How can I reuse or recycle moisturiser tubs?

moisturiser-tubWe’ve had an email from Diana:

What can I do with the plastic pots my moisturizers and hand creams come in? They’re round plastic with screw lids but because they’ve had chemical creams in them, I don’t want to use them for food.

Why not check if you can bulk buy your favourite moisturiser/hand cream and refill the existing pots rather than buying new ones each time?

You could also make your own creams – or give them (possibly via Freecycle/Freegle) to someone who does.

As for other reuses, they’d be perfect for storing small things like beads/button or nails/screws — and would give you an instant maraca-type instrument too ;) . They’re also pretty water tight so might be useful for small emergency kits – you could probably fit a pack of matches, a few tea lights and maybe a mini LED torch/flashlight in there.

Other suggestions?

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15 Responses to “How can I reuse or recycle moisturiser tubs?”

  1. Bobbie says:

    In the U.S. most of the manufacturers are making lids that are fastened to the bottle/jar where you can’t remove it. I’m not sure what their logic is but it makes them unreuseable. I save the ones that I’m able to and they are perfect for my homemade hand cream and sun blocker.

  2. I clean and reuse all of mine. Some of the uses are as follows:
    - Needlework kit, to sort and store buttons, pins, buckles etc in.
    - To store seeds and reusable items such as twist-tie bits, ribbons, screws, hooks, odd pieces of tile, rubber band etc in. I just label them properly to make things easier to locate next time.
    - As paint pots.
    - Stuff a foam sponge into one and use it as a pincushion.
    - To store sweets and chewing gum pellets in to stop the sweets from getting squashed in my pockets or backpack. Prevents melted sweets from getting all over the rest of my things, too.
    - As bead sorters for my mum, who used to make ‘knitted’ bead necklaces.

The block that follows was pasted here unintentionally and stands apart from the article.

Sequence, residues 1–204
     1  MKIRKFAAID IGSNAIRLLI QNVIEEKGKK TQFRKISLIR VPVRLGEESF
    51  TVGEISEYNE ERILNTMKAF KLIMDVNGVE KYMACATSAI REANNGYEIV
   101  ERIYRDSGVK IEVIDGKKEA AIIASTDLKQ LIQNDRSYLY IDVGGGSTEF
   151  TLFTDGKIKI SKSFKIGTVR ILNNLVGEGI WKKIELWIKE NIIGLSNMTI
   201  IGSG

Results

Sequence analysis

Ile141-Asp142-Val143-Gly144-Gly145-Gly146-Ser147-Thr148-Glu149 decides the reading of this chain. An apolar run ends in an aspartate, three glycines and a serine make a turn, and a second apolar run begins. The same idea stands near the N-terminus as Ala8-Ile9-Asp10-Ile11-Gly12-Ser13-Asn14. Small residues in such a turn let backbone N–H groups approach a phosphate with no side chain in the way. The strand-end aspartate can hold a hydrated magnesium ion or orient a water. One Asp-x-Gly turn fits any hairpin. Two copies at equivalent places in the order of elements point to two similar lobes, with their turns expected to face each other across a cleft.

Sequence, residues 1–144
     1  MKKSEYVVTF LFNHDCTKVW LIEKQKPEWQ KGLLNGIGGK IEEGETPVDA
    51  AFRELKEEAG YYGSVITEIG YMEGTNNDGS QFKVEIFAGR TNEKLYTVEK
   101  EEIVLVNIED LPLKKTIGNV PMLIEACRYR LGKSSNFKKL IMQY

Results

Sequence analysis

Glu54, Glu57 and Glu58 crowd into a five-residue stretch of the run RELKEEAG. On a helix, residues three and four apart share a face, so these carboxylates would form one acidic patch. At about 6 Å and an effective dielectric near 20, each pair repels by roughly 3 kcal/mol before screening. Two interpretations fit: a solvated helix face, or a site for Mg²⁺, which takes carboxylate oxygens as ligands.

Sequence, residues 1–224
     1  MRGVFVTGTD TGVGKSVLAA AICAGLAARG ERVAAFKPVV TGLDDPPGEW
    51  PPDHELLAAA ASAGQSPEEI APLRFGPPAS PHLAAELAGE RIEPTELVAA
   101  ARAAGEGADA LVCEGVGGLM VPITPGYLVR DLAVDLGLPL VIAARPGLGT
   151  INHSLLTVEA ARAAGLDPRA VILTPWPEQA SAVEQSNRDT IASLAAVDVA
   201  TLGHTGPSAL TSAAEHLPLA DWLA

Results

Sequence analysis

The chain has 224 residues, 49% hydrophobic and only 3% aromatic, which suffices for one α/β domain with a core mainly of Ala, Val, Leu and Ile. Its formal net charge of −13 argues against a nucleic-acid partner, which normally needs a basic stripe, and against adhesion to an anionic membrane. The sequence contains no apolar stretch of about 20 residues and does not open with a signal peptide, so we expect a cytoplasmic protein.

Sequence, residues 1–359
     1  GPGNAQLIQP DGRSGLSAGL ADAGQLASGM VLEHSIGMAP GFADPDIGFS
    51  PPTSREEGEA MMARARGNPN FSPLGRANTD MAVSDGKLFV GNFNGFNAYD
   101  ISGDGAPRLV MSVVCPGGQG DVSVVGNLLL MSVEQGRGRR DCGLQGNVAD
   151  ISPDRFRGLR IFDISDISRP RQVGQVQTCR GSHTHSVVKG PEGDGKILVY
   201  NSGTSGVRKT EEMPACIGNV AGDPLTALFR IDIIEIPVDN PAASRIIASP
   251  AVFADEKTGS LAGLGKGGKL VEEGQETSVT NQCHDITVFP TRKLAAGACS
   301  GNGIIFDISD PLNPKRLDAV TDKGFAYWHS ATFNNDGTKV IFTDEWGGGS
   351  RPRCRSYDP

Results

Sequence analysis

3. Bobbie says:

    Something else: After removing the label I use a product called Goo Gone to take the sticky glue off. If anyone knows of a homemade solution for this I’d appreciate.

  4. Alice says:

    Quite a lot is absorbed through your skin, so anything you’re happy to use for skin care I wouldn’t worry too much about accidentally eating traces of.

    They might be good for carrying soap in a washbag when travelling?

    • Lizzy says:

      60% is absorbed, in fact, so If you wouldn’t be happy with eating three fifths of a pot of hand cream – don’t put it on your skin.

  5. Lizzy says:

    Fill two with hot water for glove warmers – a bit like hot water bottles , so that they’re toasty warm by the time you put them on – could also be a good reuse for excess hot water. would also work with socks and boots and slippers and pretty much anything small.

  6. Olia says:

    Make it into a candle.

  7. Uluska says:

    Plant succulents.

  8. Alena says:

    Store measuring tape or ribbons.

  9. Alena says:

    If the tub is plastic (not glass), attach comfortable handle, fill with noisy objects for a nice rattle toy.

  10. Alena says:

    Fill with cement, let dry. Use as weight when making the farmer’s cheese, or fermenting vegetables.

  11. Alena says:

    When you fill it with cement, you can also use it as paper weight. Add some decoration.

  12. Alena says:

    Even more, decoupage the tub completely, or create mosaic all over. Nice decorative item for the house or office.

  13. Olia says:

    Use as mould for homemade soap.

  14. Uliana says:

    Turn into an ottoman for a doll’s house, with storage space. :)

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